Wednesday, April 19, 2006

The Great Rift Folly: KMT in Crisis?

Lots of interesting news this week on the KMT and its internal issues......

I've blogged previously on the KMT and its generational and identity crises (KMT Cult: Theology, Charisma, Discipleship and KMT: Theology, Identity, Crisis). The ascendancy of Ma Ying-jeou to the chairmanship, and his enormous popularity, has served merely to mask, not ameliorate, the deep divisions in the KMT, between the generations, and also between party insiders, who supported legislative speaker Wang Jin-pyng, and the factions that support Ma Ying-jeou.

The faction split in the KMT has cropped up in numerous ways in recent weeks. For example, the Taiwan News reports on Ma's offer for Wang to become the Vice Chair:

Kuomintang Chairman Ma Ying-jeou (馬英九) yesterday again invited Legislative Speaker Wang Jin-pyng (王金平) to serve as his deputy, a move that is seen aimed at enhancing the KMT's internal communications on major controversial bills and issues and bridging the differences between the party's headquarters and the Legislature.

The legislative speaker, however, rejected the offer.

It is believed that Wang is unwilling to serve as the party's second-in-command under Ma. Speculations about a feud between Ma and Wang surfaced again last July after Ma defeated Wang in the KMT's chairmanship race. Yesterday was the second time that Ma tried to persuade Wang to serve as a vice chairman.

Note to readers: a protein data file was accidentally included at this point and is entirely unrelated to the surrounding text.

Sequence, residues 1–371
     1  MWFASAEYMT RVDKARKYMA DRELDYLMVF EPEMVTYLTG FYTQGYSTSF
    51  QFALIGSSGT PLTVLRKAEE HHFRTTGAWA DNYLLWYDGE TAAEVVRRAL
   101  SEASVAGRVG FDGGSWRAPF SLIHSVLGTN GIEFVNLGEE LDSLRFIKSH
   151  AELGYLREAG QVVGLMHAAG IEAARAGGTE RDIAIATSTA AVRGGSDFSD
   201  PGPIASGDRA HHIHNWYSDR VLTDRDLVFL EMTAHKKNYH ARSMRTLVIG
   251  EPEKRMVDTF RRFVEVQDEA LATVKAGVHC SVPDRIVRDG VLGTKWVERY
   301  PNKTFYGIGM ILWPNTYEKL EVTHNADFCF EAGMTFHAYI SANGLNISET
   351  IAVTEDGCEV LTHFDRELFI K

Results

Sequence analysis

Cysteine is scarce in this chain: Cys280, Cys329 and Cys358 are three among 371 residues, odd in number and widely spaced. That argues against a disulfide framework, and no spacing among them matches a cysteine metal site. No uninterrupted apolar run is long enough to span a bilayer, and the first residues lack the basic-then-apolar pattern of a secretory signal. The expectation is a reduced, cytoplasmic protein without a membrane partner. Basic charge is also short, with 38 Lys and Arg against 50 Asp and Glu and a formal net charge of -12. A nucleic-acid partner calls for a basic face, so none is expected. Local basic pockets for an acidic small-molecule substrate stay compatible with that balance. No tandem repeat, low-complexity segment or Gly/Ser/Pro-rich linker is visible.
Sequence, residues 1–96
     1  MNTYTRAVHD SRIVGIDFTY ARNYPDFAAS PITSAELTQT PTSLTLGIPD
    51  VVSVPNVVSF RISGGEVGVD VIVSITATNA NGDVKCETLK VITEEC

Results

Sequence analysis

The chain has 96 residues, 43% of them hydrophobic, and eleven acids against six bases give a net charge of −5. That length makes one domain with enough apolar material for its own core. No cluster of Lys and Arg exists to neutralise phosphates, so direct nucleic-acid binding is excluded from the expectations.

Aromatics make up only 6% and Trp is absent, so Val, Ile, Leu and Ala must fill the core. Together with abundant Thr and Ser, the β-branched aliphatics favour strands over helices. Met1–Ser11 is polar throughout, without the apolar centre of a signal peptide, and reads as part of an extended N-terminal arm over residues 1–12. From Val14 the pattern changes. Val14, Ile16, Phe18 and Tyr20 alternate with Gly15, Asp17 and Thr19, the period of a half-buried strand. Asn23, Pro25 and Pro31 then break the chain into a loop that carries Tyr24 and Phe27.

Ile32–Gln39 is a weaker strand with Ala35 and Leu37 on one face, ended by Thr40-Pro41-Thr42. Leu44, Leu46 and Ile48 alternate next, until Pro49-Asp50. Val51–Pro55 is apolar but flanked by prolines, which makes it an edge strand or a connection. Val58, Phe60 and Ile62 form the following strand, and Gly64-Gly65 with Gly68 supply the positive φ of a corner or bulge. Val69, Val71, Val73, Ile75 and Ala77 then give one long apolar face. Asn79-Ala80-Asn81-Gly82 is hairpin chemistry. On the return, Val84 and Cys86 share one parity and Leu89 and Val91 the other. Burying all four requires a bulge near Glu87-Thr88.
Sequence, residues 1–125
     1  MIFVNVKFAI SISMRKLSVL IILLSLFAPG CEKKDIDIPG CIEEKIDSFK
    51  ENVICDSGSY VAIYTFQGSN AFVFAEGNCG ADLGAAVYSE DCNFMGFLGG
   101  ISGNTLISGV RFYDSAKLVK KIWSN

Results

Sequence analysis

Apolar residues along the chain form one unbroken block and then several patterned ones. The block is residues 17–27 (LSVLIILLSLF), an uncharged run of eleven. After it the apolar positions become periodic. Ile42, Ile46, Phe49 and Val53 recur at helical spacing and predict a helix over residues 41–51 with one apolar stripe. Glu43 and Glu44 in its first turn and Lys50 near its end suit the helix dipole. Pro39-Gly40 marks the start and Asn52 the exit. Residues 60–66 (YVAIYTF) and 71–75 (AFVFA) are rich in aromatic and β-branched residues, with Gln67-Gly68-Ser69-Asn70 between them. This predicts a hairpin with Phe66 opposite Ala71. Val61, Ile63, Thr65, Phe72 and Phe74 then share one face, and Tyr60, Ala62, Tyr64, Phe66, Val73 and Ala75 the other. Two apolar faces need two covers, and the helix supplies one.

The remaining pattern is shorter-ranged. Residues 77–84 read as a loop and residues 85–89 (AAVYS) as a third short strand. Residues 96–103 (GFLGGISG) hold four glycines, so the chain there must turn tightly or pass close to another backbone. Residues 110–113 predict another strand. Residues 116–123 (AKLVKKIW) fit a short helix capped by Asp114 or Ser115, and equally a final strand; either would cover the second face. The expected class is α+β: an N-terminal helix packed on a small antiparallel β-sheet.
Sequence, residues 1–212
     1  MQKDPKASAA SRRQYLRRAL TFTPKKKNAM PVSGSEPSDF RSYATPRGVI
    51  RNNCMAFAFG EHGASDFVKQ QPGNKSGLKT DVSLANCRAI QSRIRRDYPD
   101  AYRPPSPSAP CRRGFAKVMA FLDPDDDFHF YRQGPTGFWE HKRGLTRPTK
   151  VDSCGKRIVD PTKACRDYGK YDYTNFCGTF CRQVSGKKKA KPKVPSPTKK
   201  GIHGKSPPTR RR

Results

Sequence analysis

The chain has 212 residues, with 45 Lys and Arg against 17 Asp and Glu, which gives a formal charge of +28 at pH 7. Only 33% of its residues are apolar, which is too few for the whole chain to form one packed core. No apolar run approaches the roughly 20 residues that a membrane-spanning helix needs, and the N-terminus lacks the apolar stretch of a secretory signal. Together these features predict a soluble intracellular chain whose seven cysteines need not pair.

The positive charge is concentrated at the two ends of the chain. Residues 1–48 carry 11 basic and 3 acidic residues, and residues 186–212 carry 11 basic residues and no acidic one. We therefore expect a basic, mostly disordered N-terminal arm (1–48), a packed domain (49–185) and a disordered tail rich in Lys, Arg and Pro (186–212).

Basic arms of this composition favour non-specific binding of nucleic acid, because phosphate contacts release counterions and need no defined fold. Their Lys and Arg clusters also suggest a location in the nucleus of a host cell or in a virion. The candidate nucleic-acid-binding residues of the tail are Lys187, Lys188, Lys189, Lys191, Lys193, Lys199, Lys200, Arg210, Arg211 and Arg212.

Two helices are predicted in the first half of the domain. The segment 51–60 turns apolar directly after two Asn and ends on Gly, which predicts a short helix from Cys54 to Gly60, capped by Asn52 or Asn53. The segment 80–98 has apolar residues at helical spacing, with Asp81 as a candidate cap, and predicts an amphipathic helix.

Making Wang the Vice Chair would signal at least titular, if not actual, Ma ascendancy over Wang. Hence the reluctance of Wang, who has been playing coy about a 2008 run for President -- which is certain to pit him against Ma -- to accept such an offer. The rift in the KMT is so deep that Ma eventually ended up criticizing KMT legislators for airing the party's dirty laundry in public, as pro-Wang factions attacked the Ma supporters:

The offer came after some 30 KMT legislators on Monday held an informal round-table conference, at which they urged that Ma and Wang should cooperate closely.

The participants also criticized what they referred to as an "unreasonable phenomenon" where the KMT legislative caucus is controlled by pro-Ma legislators.

They pointed out it is improper for some "bellicose" legislators to continue to block the bill on military procurement and the confirmation of Control Yuan members, and advised that KMT legislative leaders should reinforce their authority.

The comments were made in the wake of conflict among KMT lawmakers during the Legislature's rejection of Hsieh Wen-ting (謝文定) as the candidate for the post of state public prosecutor general. Ma also said after the Legislature's vote on the issue that the KMT caucus had not been informed him of the decision and that he was "surprised" at it.

David at jujuflop had been speculating on just how much control Ma has over his legislators. Perhaps this set of events provides a clue -- it is the pro-Ma legislators who are blocking the arms package, according to the pro-Wang faction. On the other hand, Wang's people could just be them blaming the Ma factions because they don't want to take the blame themselves. Both Wang and Ma have at various times made cooing noises toward the US on the arms package, but neither seems to have driven their troops to implement anything concrete. Taiwan News continues:

Addressing the apparent rift between the party and the Legislature, Ma proposed that Wang take a top position in the KMT.